Shootings crystallize FBI terrorism concerns

WASHINGTON — The deadly shootings at military sites in Tennessee illustrate the threat that FBI officials have warned about: violence directed against a vulnerable government target by a lone gunman with apparent terrorist aspirations.

The FBI has not detailed a motive, but Thursday’s attacks that killed four Marines and one sailor are under investigation as a potential act of terrorism, with authorities combing through the gunman’s past to look for travel, contacts and online writings.

The rampage unfolded as the federal government has raised alarms about the online spread of terrorist propaganda, including repeated exhortations by groups such as the Islamic State for sympathizers to target police officers and military installations.

It came two months after two men opened fire outside a Prophet Mohammed cartoon contest in Texas before being killed by police, and during a year when several dozen people in the United States have been charged with supporting terrorism, with more than 10 arrested in the month before the July 4 holiday.

“This is the new normal,” said Will McCants, a terrorism expert at the Brookings Institution in Washington. If a terrorist group is looking to influence public opinion and generate fear, he said, “this kind of tactic has a lot going for it.”

One federal law enforcement official said investigators did not immediately find an extensive online presence involving the gunman, 24-year-old Muhammad Youssef Abdulazeez, or evidence that he was directly influenced or inspired by the Islamic State. The official was not authorized to discuss an ongoing investigation and spoke on condition of anonymity.

But the line between inspired and directed is blurred in an age of pervasive social media, where anyone with a computer or smartphone can be exposed to what FBI Director James Comey has called “poison” propaganda from terrorist organizations.

Law enforcement officials describe an ongoing challenge in distinguishing those who merely consume and share messages and those actually motivated to commit violence. Authorities say there’s no question that social media platforms, coupled with the small-scale plots being devised, have made terrorist ideology more accessible than a decade ago. It can be easy for those who read messages, but do not post their own thoughts, to avoid law enforcement scrutiny.

“They have now spent a year, maybe a little longer, investing in this strategy,” Comey told reporters last week, in a reference to IS. “And what you’re seeing now is proof that it works. Americans all over the place responding to this constant push and feed and buzz.”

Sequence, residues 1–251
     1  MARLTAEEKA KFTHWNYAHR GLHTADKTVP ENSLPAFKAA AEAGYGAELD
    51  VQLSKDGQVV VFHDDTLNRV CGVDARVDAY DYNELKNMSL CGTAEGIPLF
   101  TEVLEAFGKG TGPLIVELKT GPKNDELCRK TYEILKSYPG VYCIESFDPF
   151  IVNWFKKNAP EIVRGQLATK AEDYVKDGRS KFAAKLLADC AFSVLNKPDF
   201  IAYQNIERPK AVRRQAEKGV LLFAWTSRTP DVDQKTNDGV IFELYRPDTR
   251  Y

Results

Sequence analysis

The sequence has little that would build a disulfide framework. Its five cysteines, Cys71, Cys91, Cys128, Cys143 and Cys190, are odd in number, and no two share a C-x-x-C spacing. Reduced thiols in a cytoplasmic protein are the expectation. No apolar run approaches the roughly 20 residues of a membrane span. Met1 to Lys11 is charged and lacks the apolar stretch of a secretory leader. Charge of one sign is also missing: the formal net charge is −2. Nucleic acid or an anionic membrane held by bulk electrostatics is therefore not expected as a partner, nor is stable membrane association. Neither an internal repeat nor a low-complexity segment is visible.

The Kuwait-born gunman, who was killed by police, was not under investigation and was not on the radar of federal law enforcement before the shooting, officials have said. He had visited Jordan last year, a U.S. official said Friday, and investigators will review those overseas travels for potential worrisome contacts with militants.

 

Education

APS board approves 2024-25 budget of $113.9 million

Crime, Courts & Emergencies

Police seeking public’s help in relation to vandalism at Todd Park soccer fields

Mower County

City offers resources for cleanup efforts

Mower County

Institute’s Hoeppner receives $50K award from American Cancer Society

Mower County

APD swears in new officer

Mower County

Austin Utilities issues peak alert for Monday

Mower County

Waters drop around Austin, clean-up begins

Mower County

Walz authorizes Minnesota National Guard to support emergency flood operations

Mower County

Afternoon storms brings more flash flooding to Austin

Crime, Courts & Emergencies

Austin man injured in Friday evening crash

Mower County

Photos: Flooding creates issues across the area

Mower County

Area copes with aftermath of heavy rains, flooding

Mower County

Sargeant man involved in five-car crash in Olmsted County

Mower County

Photos: Llama Party — Lamapalooza settles in for another year at the fairgrounds

News

‘Adventures of Tom Sawyer’ begins June 27

Education

Apply for free during Minnesota State Week

Education

Austin grad part of SDSU team comes up just short for quarter-scale tractor threepeat

Education

Education: Accolades

Mower County

In Your Community: Duplicate Bridge

Mower County

In Your Community: Mower County Senior Center

News

Judy Garland’s hometown is raising funds to purchase stolen ‘Wizard of Oz’ ruby slippers

News

Historic Superior lighthouse sold at auction 5 years ago is available once again

News

NY prosecutors urge judge to keep gag order blocking Trump from criticizing jurors

Mower County

Humane Society recommends tips for keeping your pet safe during hot weather